During his five-year hiatus from the Royal Bahamas Defence Force (1991 -1996), Bethel developed an awareness that there was something special about the islands of The Bahamas. After rejoining the Force in 1996, he was determined to explore the meaning of the Force’s motto: Guard Our Heritage, and the impact The Bahamas was meant to have on humanity’s betterment. Thus began his research into the significance of The Bahamas’ history, geography and culture. Unique insights gleaned from his research resulted in him becoming a lead advocate for naming of The Bahamas’ and Turks and Caicos Islands’ waters “the Lucayan Sea”. He told me that because The Bahamas has full jurisdiction over its archipelagic waters, all that is required to name the waters “the Lucayan Sea” would be approval by Cabinet and the passage of a Bill in the House of Parliament. His impassioned sentiments are echoed by Bahamians from all walks of life, including influencers and nation builders.
Bethel has served as the Commodore Commander of the Bahamas’ military Institution, the Royal Bahamas Defence Force. Today, he serves as head of The Bahamas Security Forces Inspectorate. With national service as his watchword, he continues to provide invaluable service - not only in maritime protection, but in the preservation of history and the inspiration to move the country forward.
His numerous contributions include:
In 2004, he was a founding member of the committee that launched The Bahamas Maritime Cadet Corps programme to introduce High School students to the maritime industry.
In 2014, he organised and coordinated the breaking of “the Guinness World Record for the most people blowing Conch Shells simultaneously” during The Bahamas’ 41st Grand Independence Anniversary Celebrations under the theme “Celebrating Culture: A Commitment to Peace.”
In 2015, he wrote his first book proposing that the waters of The Bahamas and Turks and Caicos Islands be named the Lucayan Sea as a tribute to the Lucayans. That same year, the idea received its first public endorsement from businessman and philanthropist Sir Durward Knowles, The Bahamas’ first gold Olympic gold medal winner at the 1964 Tokyo Games in the star class of the sailing events. In 2014, 2015 and 2016, he served as the Commodore of the 5th, 6th, and 7th Annual Sir Durward Knowles Festival of Lights Christmas Boat Parades in Nassau, Bahamas.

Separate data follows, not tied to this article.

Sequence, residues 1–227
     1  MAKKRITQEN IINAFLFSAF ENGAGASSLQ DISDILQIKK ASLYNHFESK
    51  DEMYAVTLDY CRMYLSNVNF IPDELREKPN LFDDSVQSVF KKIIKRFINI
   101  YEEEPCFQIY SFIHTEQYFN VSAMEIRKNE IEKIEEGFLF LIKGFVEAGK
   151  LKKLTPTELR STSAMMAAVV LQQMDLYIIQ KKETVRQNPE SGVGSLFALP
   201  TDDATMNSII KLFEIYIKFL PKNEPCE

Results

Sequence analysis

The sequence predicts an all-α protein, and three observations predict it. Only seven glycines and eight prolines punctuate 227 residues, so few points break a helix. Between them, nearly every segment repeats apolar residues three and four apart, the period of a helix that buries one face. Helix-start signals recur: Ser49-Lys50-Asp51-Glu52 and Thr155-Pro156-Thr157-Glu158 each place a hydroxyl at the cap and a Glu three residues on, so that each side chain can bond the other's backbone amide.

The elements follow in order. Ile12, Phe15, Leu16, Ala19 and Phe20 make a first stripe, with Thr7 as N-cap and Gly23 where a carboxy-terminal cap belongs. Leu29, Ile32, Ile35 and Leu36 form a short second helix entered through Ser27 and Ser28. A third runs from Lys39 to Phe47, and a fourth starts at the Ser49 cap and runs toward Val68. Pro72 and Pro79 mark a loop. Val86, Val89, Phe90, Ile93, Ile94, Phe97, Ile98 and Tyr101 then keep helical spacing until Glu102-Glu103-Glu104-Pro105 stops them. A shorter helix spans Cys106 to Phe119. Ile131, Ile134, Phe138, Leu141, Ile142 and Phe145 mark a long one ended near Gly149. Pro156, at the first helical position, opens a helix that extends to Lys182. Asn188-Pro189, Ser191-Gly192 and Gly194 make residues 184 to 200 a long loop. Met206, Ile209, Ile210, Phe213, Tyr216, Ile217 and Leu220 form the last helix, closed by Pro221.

Under Commodore Bethel’s command, the Force hosted the Annual Commander Defence Force Regatta at the Fort Montagu foreshore in 2017. The event drew one of the island’s largest crowd-gatherings for a regatta event at the Fort Montagu site.
In 2019, Commodore Bethel was the Executive Director for the production of the Force’s video tribute to Sir Sidney Poitier on his 92nd birthday. Bethel, a man who has spent a large extent of his life traversing Bahamian waters, had the opportunity to meet world explorer Jacques- Yves Cousteau in the 1990s. Cousteau (now deceased) shared some of his underwater exploits with Bethel and how he taught his father how to scuba dive.
Throughout his illustrious career, Bethel has seen many people from all walks of life being drawn to these shores, in some cases, to find their own inner peace. With the release of his latest book, Commodore Bethel hopes to be one step closer to seeing his vision of the Bahamas as a beacon of peace, perched in the beautiful waters of the Lucayan Sea become a reality.
“In the midst of our waters is the Tongue of the Atlantic Ocean,” he explained.
“The purpose of a tongue is to communicate a message to the world. In naming our waters the Lucayan Sea, Bahamians will be communicating a message of peace.”
Commodore Bethel’s books are available in Nassau at Logos Bookstore, Doongalik Studios, and Eleuthera at Office General, and The North Eleuthera Craft & Snack Place. This latest book is also available on Amazon in paperback and Kindle formats, with his other work.